3. Isolation is the most restrictive of the three practices. Isolation occurs after a person has symptoms or is confirmed to have a disease by a lab test. “In quarantine, you’re waiting to see if you develop the sickness,” Sauer said. “If you’re in isolation, you are sick and waiting until the illness resolves.”

What to expect

  • More countries are likely to quarantine

By 23 January, the entire Huwan province of an estimated 11 million people were placed under total lockdown. An estimated 60 million persons in Italy were placed under quarantine. In the USA over 5,000 persons are under self-quarantine and thousands more are under compulsory quarantine.

This growing immobility of the global population is expected to slow economic growth in developed countries, which are affected by Covid-19, as already experienced in the USA. This slowdown, in turn, would migrate to other countries, like Grenada, that is heavily dependent on the US for tourism (2019, 47% of stopovers), United Kingdom (2019, 15.8%) and Canada (2019, 11.0%).

  • Global recession is on the horizon

Whereas the PRC evolved as the global manufacturing hub, the United States (Wall Street) remains the global financial centre. On 9 March trading on Wall Street was suspended as the stock market crashed, plummeted as much as 2000 points or over 20.0%. Bloomberg ( has estimated that the coronavirus could cost the global economy as much as US$2.7 trillion. The Covid-19 comes at a time, when some large-developed economies were becoming very vulnerable to marginal economic downturns, after emerging from lacklustre and declining performance in 2019.

In Japan, the world’s 4th-largest economy, growth contracted at a 6.3% annual rate in the fourth quarter. Industrial output fell sharply in December in both Germany (-3.5%) and France (-2.6%), the world’s fifth- and tenth-largest economies respectively. The United States, the world’s second-largest economy, appeared relatively resilient by comparison, but 2.1% real (inflation-adjusted) GDP growth in the fourth quarter of 2019 hardly qualifies as a boom. And in China – now the world’s largest economy in purchasing-power-parity terms – growth slowed to a 27-year low of 6% in the last quarter of 2019 (Stephen Roach,

  • Grenada’s economic growth could be severely affected.

Grenada’s ill-fated economic development paradigm, which significantly reliant on tourism from, Europe, USA, Canada and Germany. As these source markets suffer negative economic shocks, this would be transferred to the Grenadian economy. This expected reduction in tourism arrivals (cruise and stayovers) are expected to create a drag on the local economy, which would combine, with other heavy head-winds that were already heading towards Grenada’s direction would exasperate an already “laggard economy”. Therefore, Grenadians, look out for a slowing economy.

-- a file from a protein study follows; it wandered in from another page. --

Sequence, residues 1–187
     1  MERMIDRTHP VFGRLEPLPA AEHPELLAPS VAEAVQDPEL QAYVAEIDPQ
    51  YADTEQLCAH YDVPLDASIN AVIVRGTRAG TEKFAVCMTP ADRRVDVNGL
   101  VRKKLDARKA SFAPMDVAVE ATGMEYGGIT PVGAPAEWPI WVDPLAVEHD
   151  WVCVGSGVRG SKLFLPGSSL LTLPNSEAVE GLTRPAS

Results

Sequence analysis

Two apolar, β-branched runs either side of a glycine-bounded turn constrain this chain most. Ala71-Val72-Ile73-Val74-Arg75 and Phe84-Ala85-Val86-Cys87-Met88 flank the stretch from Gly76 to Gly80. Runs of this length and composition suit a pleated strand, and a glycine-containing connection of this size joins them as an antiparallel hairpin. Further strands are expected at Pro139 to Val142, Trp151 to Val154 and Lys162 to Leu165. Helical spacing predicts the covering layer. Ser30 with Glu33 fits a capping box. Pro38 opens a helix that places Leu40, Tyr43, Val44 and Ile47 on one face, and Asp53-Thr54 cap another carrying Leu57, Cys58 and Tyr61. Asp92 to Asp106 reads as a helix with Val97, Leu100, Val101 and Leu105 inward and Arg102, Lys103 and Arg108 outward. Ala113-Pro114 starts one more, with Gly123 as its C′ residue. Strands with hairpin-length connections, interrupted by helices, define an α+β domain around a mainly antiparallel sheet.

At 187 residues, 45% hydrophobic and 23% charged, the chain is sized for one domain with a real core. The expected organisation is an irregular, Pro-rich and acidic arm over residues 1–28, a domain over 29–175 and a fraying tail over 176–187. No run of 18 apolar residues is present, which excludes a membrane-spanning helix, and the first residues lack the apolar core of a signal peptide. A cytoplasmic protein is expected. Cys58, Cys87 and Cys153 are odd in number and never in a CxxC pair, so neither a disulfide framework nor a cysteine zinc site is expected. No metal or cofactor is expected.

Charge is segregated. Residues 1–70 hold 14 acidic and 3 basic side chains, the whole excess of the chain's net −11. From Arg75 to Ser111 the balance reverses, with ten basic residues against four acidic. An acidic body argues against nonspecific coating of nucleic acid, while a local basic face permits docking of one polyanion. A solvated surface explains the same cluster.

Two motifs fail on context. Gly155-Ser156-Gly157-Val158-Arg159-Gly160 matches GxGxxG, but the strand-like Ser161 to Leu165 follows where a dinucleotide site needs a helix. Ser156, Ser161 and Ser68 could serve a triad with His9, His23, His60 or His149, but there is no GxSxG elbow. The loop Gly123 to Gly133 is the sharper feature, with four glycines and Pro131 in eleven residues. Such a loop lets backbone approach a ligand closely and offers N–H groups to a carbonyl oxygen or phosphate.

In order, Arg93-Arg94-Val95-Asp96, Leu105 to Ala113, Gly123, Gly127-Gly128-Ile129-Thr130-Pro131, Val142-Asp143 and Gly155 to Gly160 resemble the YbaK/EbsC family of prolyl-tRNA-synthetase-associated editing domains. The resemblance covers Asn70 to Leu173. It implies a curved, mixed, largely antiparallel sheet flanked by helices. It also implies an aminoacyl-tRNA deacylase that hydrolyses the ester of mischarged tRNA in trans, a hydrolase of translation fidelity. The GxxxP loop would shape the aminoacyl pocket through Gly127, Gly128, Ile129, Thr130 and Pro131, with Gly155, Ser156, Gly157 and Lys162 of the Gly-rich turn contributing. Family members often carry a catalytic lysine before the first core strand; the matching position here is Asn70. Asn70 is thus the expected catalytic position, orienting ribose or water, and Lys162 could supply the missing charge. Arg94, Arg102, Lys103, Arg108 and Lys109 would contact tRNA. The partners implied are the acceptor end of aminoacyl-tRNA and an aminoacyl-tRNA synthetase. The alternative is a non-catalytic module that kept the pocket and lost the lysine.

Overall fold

• The catalyst for digitisation and eCommerce.

The current health scenario brought on by Covid-19 is expected to result in social distancing. The current pandemic trajectory, indicates, that as global warming heats-up, mankind would be subjected to the increasing prevalence of “killer-viruses”. As a consequence, social distancing would become the standard public health protective mechanism. Notwithstanding, the need for consumption of goods and services, will not cease. Therefore, the mode by which we socialise in order to acquire or satisfy our needs would change. Already, the advent of the internet and its corollary of services such as eCommerce, Etrade, etc., have provided alternative modes for conducting businesses. The rise of Amazon and other trading platforms are “proof of case” of how we can satisfy some of our wants, without leaving our desks, or houses or offices.

At the local level, the Food Fair has led the way in its launch of its eStore, where they provide a web store, linked to their supermarkets (Food Fair). Given the current global trajectory in retail businesses, one expects the holding company (Jonas Browne & Hubbard’s Ltd) to expand, this service to cover all its departments.

Additionally, in the medium to long-term, restaurants would have to rapidly move up the digital food-chain and reorganise themselves to become service delivery operations.

This is a phrase which came to life in the early 2000s and especially following the devastation of the World Trade Centre. Currently, our concept of and culture as it relates to work, goes beyond, what we do but where we do it. For many of us, if we are not “dressing-up” and travelling to town”, we are not engaged in serious work. Real, work is associated with going into an air-conditioned building, with a security guard at the door, and tens of persons, like you, entering in the morning and leaving in the evening. This must of necessity change. There are many tasks which are currently conducted in “offices” can be accomplished at the comfort of our houses, as efficiently and effectively as going into the office, at an enormous cost.

This period, as unfortunate and unwelcome as it is, provides Grenada, with yet another opportunity to genuinely implement its eLearning programme. At this time a number of universities and colleges in the USA, are closing their “brick and mortar” doors and opting for online lectures. The St George’s University and The University of the West Indies have been using this tool for a number of years. Grenada can leverage their experiences in this regard.

  • The future of money is now digital money

Social distancing is likely, in the short run, lead to consumers, adopting online trading, including purchasing of basic products. This growth in online businesses ought to be matched with the appropriate payment mechanisms, which is not necessarily using credit cards.

Additionally, consumers would be seeking to reduce their interactions and use of cash. The solution is to have digital currencies. This allows consumers to reduce their interactions with cash and handlers of cash

The spread of coronavirus represents the downside of globalisation.